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Discussion in 'Bad Dog Cafe' started by ojaverde, Aug 27, 2019.
Very good, carry on ........
The good thing is that those who can hear a difference in the wood used for an instrument will be able to get what they want, and those who can’t will play whatever they like...
As long as no forest is destroyed, no elephant killed, etc...
Is it easier to refret a rosewood board over a maple board?
If someone would give me a good prewar D-28 in good shape, I would be able to live with ANYTHING that might have been done to get it into my hands. People say that Indian rosewood is just as good Brazilian RW , is kind of like saying that Rosie O'Donnell would be almost as good to have around as Jennifer Lawrence. It's the ALMOST that kind of kills the deal.
Every time I wish I had a prewar D-28, it causes me to run head on into the fact that I am unworthy to own such a guitar. Better someone younger and more proficient own it. I can't even WISH for one without feeling guilty. I had a D-28 Marquis and sold it to the to the fiancé, later, husband of a talented young lady who could appreciate it, and make it her lifetime guitar. Though unworthy, I'm glad I owned it for as long as I did, it was a magnificent guitar.
Due to production cost(s) at Fender’s Ensenada plant, it probably will. With that said my Teles are all maples...but my 92’ westerly built Guild acoustic has a pao ferro (santos or whatever) fingerboard and it’s a fine instrument.
That’s also my opinion...
I have a friend who bought a brand new Martin guitar, not the most costly model I must admit. But he wanted a guitar from a good brand. When I tried it, I felt sorry for him. He paid more for a cheap guitar from a big company than I paid for a better guitar from a smaller but a good company (Godin).
Btw, I tried some Boucher guitars and would buy one if I was playing as much as before...
If you remove any RW tone argument, the only issue with pao ferro is it doesn’t quite get the classic look. It’s a very nice fingerboard material. Same with a ton of other woods. IMHO on the Vinteras, the main concern would be to get something that dyes to a 60s black-brown. The old MiM RW boards didn’t have the 60s look either...
O.K. So I just talked with fender and I was told that considering the current inventory in their possession at the Ensenada plant that yes the Mims will continue with Pau ferro boards but ( Rep states that he is only speculating) that with new cites information being considered that they may broaden the use of other rosewoods in the near future. Hope that helps.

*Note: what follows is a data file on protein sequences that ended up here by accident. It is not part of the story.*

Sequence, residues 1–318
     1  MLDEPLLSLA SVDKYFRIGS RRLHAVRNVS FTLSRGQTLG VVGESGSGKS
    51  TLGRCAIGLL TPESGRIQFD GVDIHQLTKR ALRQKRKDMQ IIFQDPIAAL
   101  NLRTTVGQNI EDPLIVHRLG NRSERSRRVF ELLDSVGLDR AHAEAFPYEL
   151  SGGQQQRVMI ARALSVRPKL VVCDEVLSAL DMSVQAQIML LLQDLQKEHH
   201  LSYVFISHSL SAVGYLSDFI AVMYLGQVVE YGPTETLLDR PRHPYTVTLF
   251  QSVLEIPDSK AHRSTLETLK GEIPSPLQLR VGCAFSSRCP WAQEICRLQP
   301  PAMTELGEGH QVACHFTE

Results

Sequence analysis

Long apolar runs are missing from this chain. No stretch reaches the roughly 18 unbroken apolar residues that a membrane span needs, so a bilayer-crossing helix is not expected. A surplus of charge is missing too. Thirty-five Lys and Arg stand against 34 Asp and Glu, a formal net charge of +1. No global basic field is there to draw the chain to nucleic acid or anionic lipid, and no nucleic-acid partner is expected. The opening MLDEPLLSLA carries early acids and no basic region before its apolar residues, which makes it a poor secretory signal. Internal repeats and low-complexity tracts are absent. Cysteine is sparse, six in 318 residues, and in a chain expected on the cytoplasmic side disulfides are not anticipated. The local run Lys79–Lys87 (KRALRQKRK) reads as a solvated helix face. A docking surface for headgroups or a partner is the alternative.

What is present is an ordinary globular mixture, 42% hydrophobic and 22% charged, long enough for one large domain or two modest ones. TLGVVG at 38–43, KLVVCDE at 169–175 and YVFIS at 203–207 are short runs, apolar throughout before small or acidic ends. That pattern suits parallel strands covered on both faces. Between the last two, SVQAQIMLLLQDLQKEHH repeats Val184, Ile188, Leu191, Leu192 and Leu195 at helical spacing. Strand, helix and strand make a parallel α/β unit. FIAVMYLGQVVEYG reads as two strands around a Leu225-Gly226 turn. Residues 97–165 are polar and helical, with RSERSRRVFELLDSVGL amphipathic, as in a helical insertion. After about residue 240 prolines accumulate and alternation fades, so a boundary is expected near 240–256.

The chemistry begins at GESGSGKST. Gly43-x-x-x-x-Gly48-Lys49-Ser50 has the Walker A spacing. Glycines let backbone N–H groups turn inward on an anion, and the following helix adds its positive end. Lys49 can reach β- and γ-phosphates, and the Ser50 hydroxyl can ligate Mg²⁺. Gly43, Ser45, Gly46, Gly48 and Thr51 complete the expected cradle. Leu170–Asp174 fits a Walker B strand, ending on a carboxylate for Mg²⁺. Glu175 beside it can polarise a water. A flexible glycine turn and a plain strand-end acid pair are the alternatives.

What I find interesting is the people that tout domestic woods and use the non domestic woods on their own builds . Yesterday , they are proclaiming domestic woods and today , they act like that never took place . Sad .
It's pretty easy to pull frets on both so I don't think one is "easier" than the other however...
Maple is usually sprayed over with Lacquer so you do have to score both sides of the frets
with a Razor to pull them so that is extra work.
I love being the first to inject a probably baseless rumor, but I've heard from serval probably very impeachable sources that after it's too late to return the guitar some people have developed allergic reactions to Pao Ferro fretboards. I've read where even some people working with the wood have developed allergies as well. Gee, it's gonna take a real man to play these new fangled guitars. In certain states, the end user may not notice his allergies until some kind hearted observer reports them to him. Remember if you are considering a Pao Ferro fretboard, Google is your friend, or at least informer.
You mean proper permits could be applied for....no assurances that they would be granted. The regulations added cost and uncertainty, scaring makers into looking for replacement materials. It is events like this that make companies like Godin a smart player in the industry. They use local sourced wood and have purchased enough wooded land to be able to supply their production of spruce, cedar, and cherry for decades to come.
Bottom line is that we the consumers should have our options back. For those that loved the new replacement materials, hopefully they will continue to provide that as an option, but the rest of us will hopefully not be forced to now.
Almost all hard woods (exotic and domestic) are pretty toxic stuff which would require proper health and safety measures at the workplace (which hobbyists usually ignore). The range goes from allergic reactions, nasty inflammations from splinters (as a reaction to the wood, not from an infection) up to cancer.
Cancer of the nasal mucous membranes is a recognized occupational disease in Germany and our regulations for hazardous substances (TRGS 905) classify dust from beech and oak as Class 1 carciogenic substance (definetly proven) and all other hardwood dust as Class 3 (reasonale suspicion).
And compared to the amount of exotic wood that goes into furniture and construction timber or just gets destroyed by slash and burn agriculture, the wood for musical instruments is neglegible.
Agreed too. An experienced luthier can make almost everything sound good.
This is a 12-fret with back and sides build from Appletree. It was a 40+ year old plank full of knots and wormholes that Joe bought from the stock of a retired carpenter.
Add an alpine Spruce top, Mahogany neck, and Ebony fretboard and bridge, so it's a completely non-CITES instrument.
Apropos "target tone": I wanted this Guitar to work with dropped tunings so he build it to have a really fat low end. This beast sounds almost like Jumbo but still has the responsiveness of its OM-size.
Always thought this was a total load of BS!
The ban gave rise to the use of Chechen, which is a really pretty fretboard alternative... I've been noticing some really beautiful G&L guitars using Chechen...